Posted by: Philip Rushton | December 10, 2013

Giving Presence This Christmas

“The Word became flesh and blood, and moved into the neighborhood.”
John 1:14 The Message

Our deacon board has a beautiful Advent tradition of delivering poinsettias to people who are home-bound or who have lost a loved one in the past year. I had the privilege of being a part of some of these visits this week. It has afforded me the opportunity to touch base with some of our members who are struggling or feeling cut off from the community.

I have to admit that I usually feel a bit unsure of myself in pastoral care situations. Yesterday, I found myself struggling to find the right words to say. How do you respond to someone who tragically lost a 7 month old baby a few weeks ago? How do you offer hope to someone who is slowly and painfully dying from an incurable neurological disease? It is a humbling experience to walk alongside those who are suffering.

Even if we think that we have a helpful word to share, there is no guarantee that others will receive it or believe it. To experience healing or arrive at peace, people need to come to their own conclusions. They need to discover answers to life’s big questions for themselves. This means that a caregiver does not have a lot of control over the situation. Most of the time a caregiver will feel somewhat uncertain as to the kind of impact they are having on a person. The best thing we can do is listen to people as they try and sort out how they are feeling and how they are making sense of God in the midst of hardship. In these moments, ears are probably our most powerful tool.

Yet, while caregivers may feel uncertain about what impact they can have, I do believe that there is something very healing about simply being present with people. In his book The Power of Presence, Doug Manning says, “I have never understood how counseling works, even though I have been involved in counseling for most of my life. I still have no idea how I can sit with my chin in my hand and grunt every once in a while and then people get better.” Manning goes on to suggest that when people are able to talk and feel as though they are understood, they develop insights that help them grow. The role of the skilled helper is not to impart info; rather, it is to be present with people in such a way that they can feel safe enough to figure out how they can heal.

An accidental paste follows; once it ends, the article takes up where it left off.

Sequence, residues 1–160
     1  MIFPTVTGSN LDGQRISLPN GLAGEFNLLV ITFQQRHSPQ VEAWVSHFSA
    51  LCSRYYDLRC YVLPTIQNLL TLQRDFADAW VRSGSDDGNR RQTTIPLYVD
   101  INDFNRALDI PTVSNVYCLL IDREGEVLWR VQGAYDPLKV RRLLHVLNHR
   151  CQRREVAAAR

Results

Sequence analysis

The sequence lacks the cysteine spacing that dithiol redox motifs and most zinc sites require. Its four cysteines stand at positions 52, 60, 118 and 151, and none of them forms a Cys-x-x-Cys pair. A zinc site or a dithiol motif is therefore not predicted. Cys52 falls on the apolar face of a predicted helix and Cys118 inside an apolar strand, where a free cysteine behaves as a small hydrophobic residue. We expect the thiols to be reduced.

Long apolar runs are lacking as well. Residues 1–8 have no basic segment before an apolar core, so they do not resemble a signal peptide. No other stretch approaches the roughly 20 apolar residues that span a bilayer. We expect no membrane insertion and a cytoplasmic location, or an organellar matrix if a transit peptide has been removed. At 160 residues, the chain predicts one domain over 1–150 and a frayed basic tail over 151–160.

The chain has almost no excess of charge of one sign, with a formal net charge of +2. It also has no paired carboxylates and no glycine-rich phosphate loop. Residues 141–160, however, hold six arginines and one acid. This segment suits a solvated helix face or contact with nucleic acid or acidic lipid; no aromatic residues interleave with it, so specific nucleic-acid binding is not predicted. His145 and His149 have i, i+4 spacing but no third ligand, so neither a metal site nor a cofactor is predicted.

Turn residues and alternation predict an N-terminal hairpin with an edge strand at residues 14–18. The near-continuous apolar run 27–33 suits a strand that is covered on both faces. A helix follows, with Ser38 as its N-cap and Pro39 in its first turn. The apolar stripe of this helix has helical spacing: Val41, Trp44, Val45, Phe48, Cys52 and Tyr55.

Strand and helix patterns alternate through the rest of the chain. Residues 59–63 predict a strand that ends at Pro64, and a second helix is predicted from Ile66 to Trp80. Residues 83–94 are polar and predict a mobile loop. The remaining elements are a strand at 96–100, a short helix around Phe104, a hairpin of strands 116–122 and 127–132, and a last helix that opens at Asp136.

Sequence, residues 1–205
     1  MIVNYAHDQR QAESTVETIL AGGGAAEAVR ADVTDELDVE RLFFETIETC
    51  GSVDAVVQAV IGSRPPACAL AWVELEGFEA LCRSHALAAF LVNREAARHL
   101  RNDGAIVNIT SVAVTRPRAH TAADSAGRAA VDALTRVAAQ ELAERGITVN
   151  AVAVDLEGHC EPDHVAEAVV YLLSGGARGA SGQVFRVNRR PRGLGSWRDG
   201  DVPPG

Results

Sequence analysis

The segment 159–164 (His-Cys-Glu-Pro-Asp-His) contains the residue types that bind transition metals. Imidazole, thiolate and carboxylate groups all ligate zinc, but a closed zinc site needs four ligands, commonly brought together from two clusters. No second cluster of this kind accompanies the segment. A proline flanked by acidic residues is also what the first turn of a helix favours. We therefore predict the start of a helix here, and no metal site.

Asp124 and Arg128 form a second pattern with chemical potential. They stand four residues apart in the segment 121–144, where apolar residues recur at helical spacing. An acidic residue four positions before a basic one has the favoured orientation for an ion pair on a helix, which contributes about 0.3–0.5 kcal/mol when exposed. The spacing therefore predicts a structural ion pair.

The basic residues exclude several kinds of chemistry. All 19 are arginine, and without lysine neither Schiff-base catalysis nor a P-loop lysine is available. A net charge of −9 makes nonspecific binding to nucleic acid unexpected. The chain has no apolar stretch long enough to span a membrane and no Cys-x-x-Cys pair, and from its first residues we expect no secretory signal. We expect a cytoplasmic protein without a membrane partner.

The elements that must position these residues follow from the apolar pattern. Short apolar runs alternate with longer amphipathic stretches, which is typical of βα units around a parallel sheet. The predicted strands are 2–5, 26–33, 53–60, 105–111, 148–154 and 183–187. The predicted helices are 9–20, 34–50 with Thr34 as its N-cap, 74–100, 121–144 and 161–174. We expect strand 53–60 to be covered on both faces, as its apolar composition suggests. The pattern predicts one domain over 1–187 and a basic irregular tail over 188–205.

The Christmas story focuses on the gift of God’s presence. As Eugene Peterson, articulates, “the word became flesh, and moved into the neighborhood.” While we often focus on giving material gifts this time or year, the Christmas season is really about “incarnational” giving. We retell the story of a God who stepped into the messiness and brokenness of our world. It is a story about God coming close to us – to teach, heal, suffer alongside, and stand in solidarity with the poor and brokenhearted. While I did not have a lot to say to my friends who are suffering this Christmas, I could point to the scriptures that speak of a God who is acquainted with our grief and has come to dwell with us.

Julie explained to me that she has taken full responsibility for buying gifts for the last 7 years and declared that this year it is my responsibility! I never know what to get people for Christmas. Lets just say this is not my “love language” (if I may appeal to the popular psychology of Gary Chapman.) So sorry, any family members who might be reading this post, do not expect thoughtful, creative, organic, fair-trade, home-made gifts, wrapped in homemade stationary this year – Julie needs a breather!

Perhaps, though, one of the best gifts we can give people is the gift of presence. We do not have to look far to find people who are in need of a supportive presence. I was humbled to discover that one of the people on our poinsettia delivery list lived on my street, and I had never met her. There are people in our families, our neighborhoods, and our workplaces that probably need of a listening ear this Christmas.

If you are like me and are struggling to know what to get people for Christmas, perhaps you might get some ideas from the biblical story. The gift of presence, I believe, is what the first Christmas was really about!

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Responses

  1. Hi Pastor Phil, If I’m on your list – I always appreciate a gift card.
    Louella

  2. Yes, presence is the best , next is an age appropiate book. James may not read yet but he will ‘read’ the pictures and develop a tactile feeling for something of value……………………Paz en Cristo……………………….

    • Yes – i ended up going with books for all my Christmas presents. James is already a fan of books!


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